Victory for the Manchester CHEP strike – Activism pays!


Pallet workers at CHEP’s Trafford depot have won a major victory in their long-running fight for a living wage. This shows the way forward for workers everywhere. To fight the attacks of the bosses, we need bold, determined and united action.

Unite members at CHEP UK Pallet Warehouse in Trafford, Manchester, have won a hard-fought victory, after a heroic 21-week strike – the longest in the union’s history.

Workers began striking on December 17, 2021, after being offered an insulting 1.8% pay rise.

Pallets are essential for supply chains. During the pandemic, their demand has increased dramatically, pushing prices up. As a result, CHEP made over £70m in profit last year – an average of £100,000 per worker.

Yet, instead of raising wages, this money has simply lined the pockets of the bosses.

Thanks to their determined strike action, the pallet workers have now won a total salary increase of 9% in the future, alongside a £1,000 lump sum, three extra days of annual leave this year and a backdated 5% pay rise to last July when the dispute began.


Initially, 75% of CHEP’s Unite members voted to strike. But after twelve weeks on strike, they were only offered a paltry 2% wage increase. Following this kick in the teeth of the bosses, 94% of the workers then voted to continue the strike.

The strike lasted a harsh winter. But workers held the picket line 24 hours a day, Monday through Friday. None of the strikers expected it to last this long. And even when it seemed an impasse had been reached with the company, they were determined not to back down.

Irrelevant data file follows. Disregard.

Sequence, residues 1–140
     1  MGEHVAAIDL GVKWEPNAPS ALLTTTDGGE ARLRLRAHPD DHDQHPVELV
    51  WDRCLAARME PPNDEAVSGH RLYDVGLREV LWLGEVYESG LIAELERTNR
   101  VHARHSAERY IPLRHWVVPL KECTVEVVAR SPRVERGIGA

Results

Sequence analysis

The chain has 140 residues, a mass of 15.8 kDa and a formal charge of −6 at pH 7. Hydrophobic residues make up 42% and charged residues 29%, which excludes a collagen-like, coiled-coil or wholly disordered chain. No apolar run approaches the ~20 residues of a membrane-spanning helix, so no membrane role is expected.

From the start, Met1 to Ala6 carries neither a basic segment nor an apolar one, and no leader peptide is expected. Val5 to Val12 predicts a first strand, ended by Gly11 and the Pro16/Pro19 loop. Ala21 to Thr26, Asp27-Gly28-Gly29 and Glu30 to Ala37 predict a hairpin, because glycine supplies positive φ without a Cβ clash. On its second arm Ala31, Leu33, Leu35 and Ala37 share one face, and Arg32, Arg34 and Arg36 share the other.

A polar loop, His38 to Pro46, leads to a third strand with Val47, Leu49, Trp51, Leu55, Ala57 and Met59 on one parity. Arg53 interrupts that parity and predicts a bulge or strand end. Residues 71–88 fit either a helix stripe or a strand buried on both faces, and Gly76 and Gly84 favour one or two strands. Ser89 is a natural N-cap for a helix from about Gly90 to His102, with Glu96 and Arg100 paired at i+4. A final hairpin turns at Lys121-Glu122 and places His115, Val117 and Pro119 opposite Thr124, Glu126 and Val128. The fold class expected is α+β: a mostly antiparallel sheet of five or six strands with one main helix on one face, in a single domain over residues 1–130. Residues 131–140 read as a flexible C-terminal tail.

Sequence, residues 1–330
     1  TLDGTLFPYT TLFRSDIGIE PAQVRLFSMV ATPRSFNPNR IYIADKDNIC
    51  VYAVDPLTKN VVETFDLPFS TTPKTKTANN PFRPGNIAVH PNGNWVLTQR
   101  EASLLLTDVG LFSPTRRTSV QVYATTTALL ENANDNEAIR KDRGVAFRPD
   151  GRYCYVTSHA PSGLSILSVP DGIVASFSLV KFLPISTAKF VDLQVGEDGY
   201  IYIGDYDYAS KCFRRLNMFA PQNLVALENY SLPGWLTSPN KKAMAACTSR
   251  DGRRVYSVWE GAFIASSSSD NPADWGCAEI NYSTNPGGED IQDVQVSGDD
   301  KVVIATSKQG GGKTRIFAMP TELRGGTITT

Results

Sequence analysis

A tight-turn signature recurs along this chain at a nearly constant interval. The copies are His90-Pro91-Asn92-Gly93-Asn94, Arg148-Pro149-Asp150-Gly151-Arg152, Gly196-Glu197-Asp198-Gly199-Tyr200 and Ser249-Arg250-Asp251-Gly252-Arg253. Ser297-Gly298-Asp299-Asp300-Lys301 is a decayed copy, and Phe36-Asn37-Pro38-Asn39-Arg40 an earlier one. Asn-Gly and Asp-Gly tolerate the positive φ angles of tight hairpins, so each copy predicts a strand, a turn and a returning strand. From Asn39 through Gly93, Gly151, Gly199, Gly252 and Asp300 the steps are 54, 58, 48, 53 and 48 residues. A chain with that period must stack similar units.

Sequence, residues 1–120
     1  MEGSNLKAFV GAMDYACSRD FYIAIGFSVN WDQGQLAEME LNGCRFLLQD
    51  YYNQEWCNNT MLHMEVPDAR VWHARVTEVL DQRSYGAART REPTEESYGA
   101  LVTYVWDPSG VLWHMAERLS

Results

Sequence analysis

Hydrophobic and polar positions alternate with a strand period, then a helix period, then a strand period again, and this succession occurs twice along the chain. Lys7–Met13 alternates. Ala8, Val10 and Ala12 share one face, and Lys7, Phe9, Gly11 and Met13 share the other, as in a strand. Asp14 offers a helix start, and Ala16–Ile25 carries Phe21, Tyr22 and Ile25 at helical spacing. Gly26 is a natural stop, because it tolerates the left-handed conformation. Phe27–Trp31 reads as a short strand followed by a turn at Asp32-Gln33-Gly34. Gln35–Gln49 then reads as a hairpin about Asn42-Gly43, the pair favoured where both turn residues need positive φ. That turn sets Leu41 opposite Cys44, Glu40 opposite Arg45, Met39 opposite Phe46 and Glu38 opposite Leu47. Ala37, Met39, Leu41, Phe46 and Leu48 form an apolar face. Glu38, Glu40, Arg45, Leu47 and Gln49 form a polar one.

It was the first time most workers at the Trafford site had been on strike. And the bosses clearly intended to make an example of it, by trying to break the strike.

Instead, the strikers showed their colleagues at other depots what can be achieved through collective action.

The final offer was accepted by 70% of the members. But they were more than ready to continue the fight for another 12 weeks, or even longer, if they had received an offer as low as the previous two.

Throughout the strike, the workers enjoyed broad public support. This included solidarity demonstrations across the country, as well as a large and enthusiastic rally in Trafford, which was attended by other unions and members of the public.


Organized workers in Manchester have won a number of important disputes over the past year.

This includes a 22% wage increase that was won by Biffa bin workers in April, after the threat of a strike; as well as successful strikes against Go North West buses a year ago, which forced the company to back down from deploying “fire and rehire” tactics against drivers, organized at Unite.

The cost of living crisis is bringing hardship to workers across the country. As a result, new layers are being drawn into the struggle. Industrial disputes are at their highest level in five years, with the TUC recording more than 300 strikes across the UK in the past 12 months.

But isolated strikes – no matter how strong and determined the strikers themselves – can’t do much. Different CHEP deposits negotiate to pay individually, for example. If Unite linked these depots together, organizing workers for common action, they would be in a much stronger position.

With capitalism in crisis and attacks on workers intensifying, unions must be prepared to take bold and united action to bring the entire working class together in militant struggle against the bosses and the conservatives.


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